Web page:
In the beginning was the Word, and the Word was with God, and the Word was God. He was in the beginning with God. All things were made through him, and without him was not any thing made that was made. In him was life, and the life was the light of men. The light shines in the darkness, and the darkness has not overcome it…But to all who did receive him, who believed in his name, he gave the right to become children of God, who were born, not of blood nor of the will of the flesh nor of the will of man, but of God. And the Word became flesh and dwelt among us, and we have seen his glory, glory as of the only Son from the Father, full of grace and truth…And from his fullness we have all received, grace upon grace. For the law was given through Moses; grace and truth came through Jesus Christ. No one has ever seen God; the only God, who is at the Father’s side, he has made him known” (John 1:1-4;12-14;16-18).

**Since it is our cultural’s tendency to want to leave the Christ of Christmas a small baby who perpetually stays in our imagined manger scene, I wanted to remind us all that this infant did grow up. And this Jesus, in all His fullness, is the Christ I want us to know this holiday season.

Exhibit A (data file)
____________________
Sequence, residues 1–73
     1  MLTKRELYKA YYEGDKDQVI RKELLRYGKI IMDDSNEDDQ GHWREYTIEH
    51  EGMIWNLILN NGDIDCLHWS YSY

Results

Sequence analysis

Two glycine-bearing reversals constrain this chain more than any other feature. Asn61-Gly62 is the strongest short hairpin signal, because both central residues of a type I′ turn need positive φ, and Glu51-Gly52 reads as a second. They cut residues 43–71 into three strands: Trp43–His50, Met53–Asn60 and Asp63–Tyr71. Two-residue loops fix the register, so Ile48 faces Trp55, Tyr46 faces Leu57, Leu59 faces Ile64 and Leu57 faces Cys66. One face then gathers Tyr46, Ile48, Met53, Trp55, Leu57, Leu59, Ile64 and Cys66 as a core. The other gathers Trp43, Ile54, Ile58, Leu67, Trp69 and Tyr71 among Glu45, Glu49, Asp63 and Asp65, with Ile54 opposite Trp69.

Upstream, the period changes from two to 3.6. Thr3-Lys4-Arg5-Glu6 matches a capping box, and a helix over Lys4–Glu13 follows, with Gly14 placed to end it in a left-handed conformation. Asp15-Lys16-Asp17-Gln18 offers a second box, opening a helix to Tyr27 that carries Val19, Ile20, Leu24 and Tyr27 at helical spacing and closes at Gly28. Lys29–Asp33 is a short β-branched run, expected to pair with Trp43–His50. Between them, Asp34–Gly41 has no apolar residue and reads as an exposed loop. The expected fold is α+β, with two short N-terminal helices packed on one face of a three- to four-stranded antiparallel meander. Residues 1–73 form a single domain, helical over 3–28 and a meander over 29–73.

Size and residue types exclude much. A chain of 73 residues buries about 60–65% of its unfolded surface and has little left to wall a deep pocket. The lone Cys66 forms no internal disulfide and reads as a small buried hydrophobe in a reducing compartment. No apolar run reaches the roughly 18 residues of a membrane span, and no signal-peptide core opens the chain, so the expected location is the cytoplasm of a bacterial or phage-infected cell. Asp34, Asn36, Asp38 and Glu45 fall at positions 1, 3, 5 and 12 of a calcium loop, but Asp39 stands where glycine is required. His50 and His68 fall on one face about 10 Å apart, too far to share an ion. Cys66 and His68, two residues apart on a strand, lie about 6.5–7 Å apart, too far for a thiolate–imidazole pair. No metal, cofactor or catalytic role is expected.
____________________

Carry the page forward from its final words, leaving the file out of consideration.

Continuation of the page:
What Child is this, who, laid to rest
On Mary’s lap, is sleeping?
Whom angels greet with anthems sweet
While shepherds watch are keeping?

We all know how commercialized Christmas has become. This is to be expected in our secular society. But the twisted and homogenized view of baby Jesus that has evolved is causes me the most consternation. Yes, He was born in a manger and eventually evacuated Bethlehem in fear of a mentally ill and threatened Herod’s commanded slaughter of all newborn males under 2 years of age. These things are true of the Christ-child. But He is so much more than a helpless and powerless infant who conjures up innocent and heartwarming feelings that desensitize us to this newborn’s true might. So let us look to the prophet Isaiah to answer the question, “what Child is this?”